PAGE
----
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Nature's matrix

Nature's matrix

By Ivette Perfecto, John Vandermeer and Angus Wright
Published by Earthscan
Website: www.earthscan.co.uk
2009, 242pp, ISBN 978 1 84407 782 3(Pb), £24.95

Seventy years - two generations - have seen the agricultural landscape transformed from a mosaic of small farms, growing a range of crops and livestock, to large-scale monocultures with a further separation of arable and livestock production. But to no benefit: "An analysis of 15 underdeveloped countries found that yield per acre declined as size increased, and another study found the same thing in the developed world (in the US)," state the authors of Nature's Matrix.

Simultaneously, chemical fertilisers have replaced the fertility regeneration previously brought by legumes, and manure and crop residues generated on-farm; while pesticides have displaced disease control through rotations of crops grown in smaller areas, and the natural activity of the predators that thrived in a heterogeneous environment.

The resulting loss of biodiversity, often unnoticed, has long-term consequences. The near elimination of labour by machinery, and the loss of the great proportion of independent farming families complete a transformation whose benefits are questioned by Perfecto and co-authors.

In a bid to suggest how food output and biodiversity may both be secured, the authors of Nature's Matrix take issue equally with agronomists and conservationists: the former for their preoccupation with productivity as the ultimate goal of agriculture, and with conservationists for their well-intentioned but ultimately futile attempt to conserve natural habitat by ring-fencing small refuges surrounded, inevitably, by monocultural farmland.

"There is now little doubt that isolating fragments of natural vegetation in a landscape of low quality matrix, like a pesticide drenched banana plantation, is a recipe for disaster from the view of preserving biodiversity," the authors write.

Questioning the so-called 'efficiency' of industrial agriculture, the authors point out that while such farming systems may return the most profit per hectare they do not necessarily produce the most yield per hectare. Instead, they acknowledge the need to optimise, rather than maximise, food production but believe that a return to smallscale agriculture with its individual attention to a diversity of crops and cover crops will provide the yield needed but without the dependence on, and collateral damage of, chemical fertilisers and pest control products. The resulting diverse habitat, even though man-made, has been found to be readily acceptable to birds, mammals and insects, all of which deserve to survive and can offer so much benefit.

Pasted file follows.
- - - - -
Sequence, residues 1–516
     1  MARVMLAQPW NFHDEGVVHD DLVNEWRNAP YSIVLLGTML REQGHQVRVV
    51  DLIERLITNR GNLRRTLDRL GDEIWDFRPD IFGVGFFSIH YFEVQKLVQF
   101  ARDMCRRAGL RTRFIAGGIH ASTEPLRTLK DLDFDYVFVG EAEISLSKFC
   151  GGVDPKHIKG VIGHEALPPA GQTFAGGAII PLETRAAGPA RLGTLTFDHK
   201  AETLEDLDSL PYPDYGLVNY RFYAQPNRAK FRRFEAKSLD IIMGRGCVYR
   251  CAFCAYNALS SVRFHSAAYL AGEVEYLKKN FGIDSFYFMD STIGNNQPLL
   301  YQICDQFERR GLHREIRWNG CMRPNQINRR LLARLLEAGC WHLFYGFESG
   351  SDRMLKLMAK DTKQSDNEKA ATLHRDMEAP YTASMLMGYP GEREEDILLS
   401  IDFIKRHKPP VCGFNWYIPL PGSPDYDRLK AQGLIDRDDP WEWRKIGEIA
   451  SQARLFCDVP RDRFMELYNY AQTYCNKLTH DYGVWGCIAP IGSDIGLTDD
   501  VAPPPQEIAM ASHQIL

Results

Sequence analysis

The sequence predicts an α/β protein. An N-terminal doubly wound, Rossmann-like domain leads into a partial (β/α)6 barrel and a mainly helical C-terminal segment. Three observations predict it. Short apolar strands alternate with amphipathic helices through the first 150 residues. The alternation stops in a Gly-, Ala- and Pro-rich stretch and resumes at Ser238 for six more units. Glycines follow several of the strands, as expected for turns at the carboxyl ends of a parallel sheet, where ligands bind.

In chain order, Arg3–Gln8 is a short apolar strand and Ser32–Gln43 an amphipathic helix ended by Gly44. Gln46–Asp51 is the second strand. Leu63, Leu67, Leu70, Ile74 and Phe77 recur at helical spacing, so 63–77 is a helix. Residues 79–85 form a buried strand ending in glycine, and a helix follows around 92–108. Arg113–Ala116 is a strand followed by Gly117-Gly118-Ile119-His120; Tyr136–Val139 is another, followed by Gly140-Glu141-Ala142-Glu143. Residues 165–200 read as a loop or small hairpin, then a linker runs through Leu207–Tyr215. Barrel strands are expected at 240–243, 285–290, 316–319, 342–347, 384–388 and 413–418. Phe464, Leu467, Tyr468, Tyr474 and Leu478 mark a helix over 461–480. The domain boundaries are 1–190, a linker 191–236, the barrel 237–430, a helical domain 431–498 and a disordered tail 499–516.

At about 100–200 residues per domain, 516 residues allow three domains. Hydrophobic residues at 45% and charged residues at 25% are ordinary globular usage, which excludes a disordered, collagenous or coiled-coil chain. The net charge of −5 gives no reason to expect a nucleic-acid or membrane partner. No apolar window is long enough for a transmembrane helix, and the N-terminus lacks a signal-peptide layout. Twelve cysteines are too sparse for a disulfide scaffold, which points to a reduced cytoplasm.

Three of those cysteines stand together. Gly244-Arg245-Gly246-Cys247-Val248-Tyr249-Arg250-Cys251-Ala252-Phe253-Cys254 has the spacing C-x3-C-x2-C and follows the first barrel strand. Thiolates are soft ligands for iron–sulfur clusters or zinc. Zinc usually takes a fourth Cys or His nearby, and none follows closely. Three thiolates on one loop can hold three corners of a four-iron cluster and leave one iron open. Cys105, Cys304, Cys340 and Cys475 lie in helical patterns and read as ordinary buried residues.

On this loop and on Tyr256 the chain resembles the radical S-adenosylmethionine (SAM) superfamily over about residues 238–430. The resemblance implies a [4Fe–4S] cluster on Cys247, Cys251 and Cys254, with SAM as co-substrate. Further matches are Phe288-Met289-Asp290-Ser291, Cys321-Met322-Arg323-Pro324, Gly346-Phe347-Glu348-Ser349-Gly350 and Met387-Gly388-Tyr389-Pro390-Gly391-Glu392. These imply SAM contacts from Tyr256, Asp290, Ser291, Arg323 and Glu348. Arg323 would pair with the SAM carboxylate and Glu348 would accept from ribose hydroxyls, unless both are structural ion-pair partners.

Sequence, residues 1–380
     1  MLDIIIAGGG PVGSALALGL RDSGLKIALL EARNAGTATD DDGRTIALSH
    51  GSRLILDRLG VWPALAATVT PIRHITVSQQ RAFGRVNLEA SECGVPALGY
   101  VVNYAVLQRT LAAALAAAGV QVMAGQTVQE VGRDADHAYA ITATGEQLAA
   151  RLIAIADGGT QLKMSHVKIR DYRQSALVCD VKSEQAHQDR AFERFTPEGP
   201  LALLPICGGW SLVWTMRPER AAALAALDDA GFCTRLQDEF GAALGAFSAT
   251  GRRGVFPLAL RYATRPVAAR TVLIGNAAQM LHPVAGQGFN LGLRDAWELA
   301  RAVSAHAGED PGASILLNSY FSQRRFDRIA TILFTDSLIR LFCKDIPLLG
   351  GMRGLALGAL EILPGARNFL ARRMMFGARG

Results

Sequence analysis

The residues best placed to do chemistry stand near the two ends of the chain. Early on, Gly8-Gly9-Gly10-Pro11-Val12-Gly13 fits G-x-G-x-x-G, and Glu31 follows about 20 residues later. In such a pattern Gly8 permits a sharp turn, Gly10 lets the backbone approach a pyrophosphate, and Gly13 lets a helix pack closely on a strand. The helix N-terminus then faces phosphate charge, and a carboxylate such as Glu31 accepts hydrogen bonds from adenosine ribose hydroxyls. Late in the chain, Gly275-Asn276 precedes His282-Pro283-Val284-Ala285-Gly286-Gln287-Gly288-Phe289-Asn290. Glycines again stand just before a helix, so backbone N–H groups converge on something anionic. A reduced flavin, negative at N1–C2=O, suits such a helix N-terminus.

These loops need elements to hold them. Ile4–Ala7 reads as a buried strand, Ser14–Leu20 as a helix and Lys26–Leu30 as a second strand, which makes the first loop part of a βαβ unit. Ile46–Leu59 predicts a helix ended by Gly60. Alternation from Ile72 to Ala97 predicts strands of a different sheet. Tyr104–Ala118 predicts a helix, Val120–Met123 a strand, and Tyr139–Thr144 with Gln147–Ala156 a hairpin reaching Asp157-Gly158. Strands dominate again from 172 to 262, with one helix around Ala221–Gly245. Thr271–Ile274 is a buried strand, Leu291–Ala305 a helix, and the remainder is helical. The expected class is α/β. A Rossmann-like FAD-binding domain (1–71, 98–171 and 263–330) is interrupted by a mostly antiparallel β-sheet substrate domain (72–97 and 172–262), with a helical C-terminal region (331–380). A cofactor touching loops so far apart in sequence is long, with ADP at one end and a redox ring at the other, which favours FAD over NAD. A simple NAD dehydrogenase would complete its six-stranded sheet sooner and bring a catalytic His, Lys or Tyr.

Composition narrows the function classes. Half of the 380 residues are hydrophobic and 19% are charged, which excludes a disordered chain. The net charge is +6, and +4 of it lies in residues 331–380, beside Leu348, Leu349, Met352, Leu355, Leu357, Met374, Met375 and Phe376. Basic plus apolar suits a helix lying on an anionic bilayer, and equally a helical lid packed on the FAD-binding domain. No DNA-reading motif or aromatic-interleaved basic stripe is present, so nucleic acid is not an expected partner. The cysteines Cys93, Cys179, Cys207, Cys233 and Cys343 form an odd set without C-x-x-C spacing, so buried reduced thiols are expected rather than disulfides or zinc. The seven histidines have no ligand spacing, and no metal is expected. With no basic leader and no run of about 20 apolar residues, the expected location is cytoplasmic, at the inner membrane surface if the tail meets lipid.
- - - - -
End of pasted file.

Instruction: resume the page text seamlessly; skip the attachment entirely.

In their analysis of how industrial agriculture developed and why it retains such an embrace, not to say stranglehold, on food production worldwide, the authors have no doubts: "The last 30 years has seen a process of consolidation and vertical and horizontal integration that has resulted in just a handful of corporations supplying farm inputs and buying farm outputs," they write. "It is partially because of this structure that the farmers receive only about 10 per cent of what the consumers pay for the food they buy in the supermarkets."

Comparing case studies of agricultural systems in the tropics, where there is the greatest natural biodiversity, they demonstrate how differing degrees of intensification growing coffee, cacao, rice and bananas result in biodiversity loss as intensification increases: the specialisation in monoculture and the removal of other vegetation (shade trees, woodlots, hedges) all reduce the variety and numbers of other organisms in the environment.

By providing analysis of how agriculture, conservation and biodiversity should be managed for the nutritional and social benefit of the majority, as well as the environmental security of the planet, Nature's Matrix offers policymakers, agronomists and ecologists much to ponder.

Date published: March 2010

 

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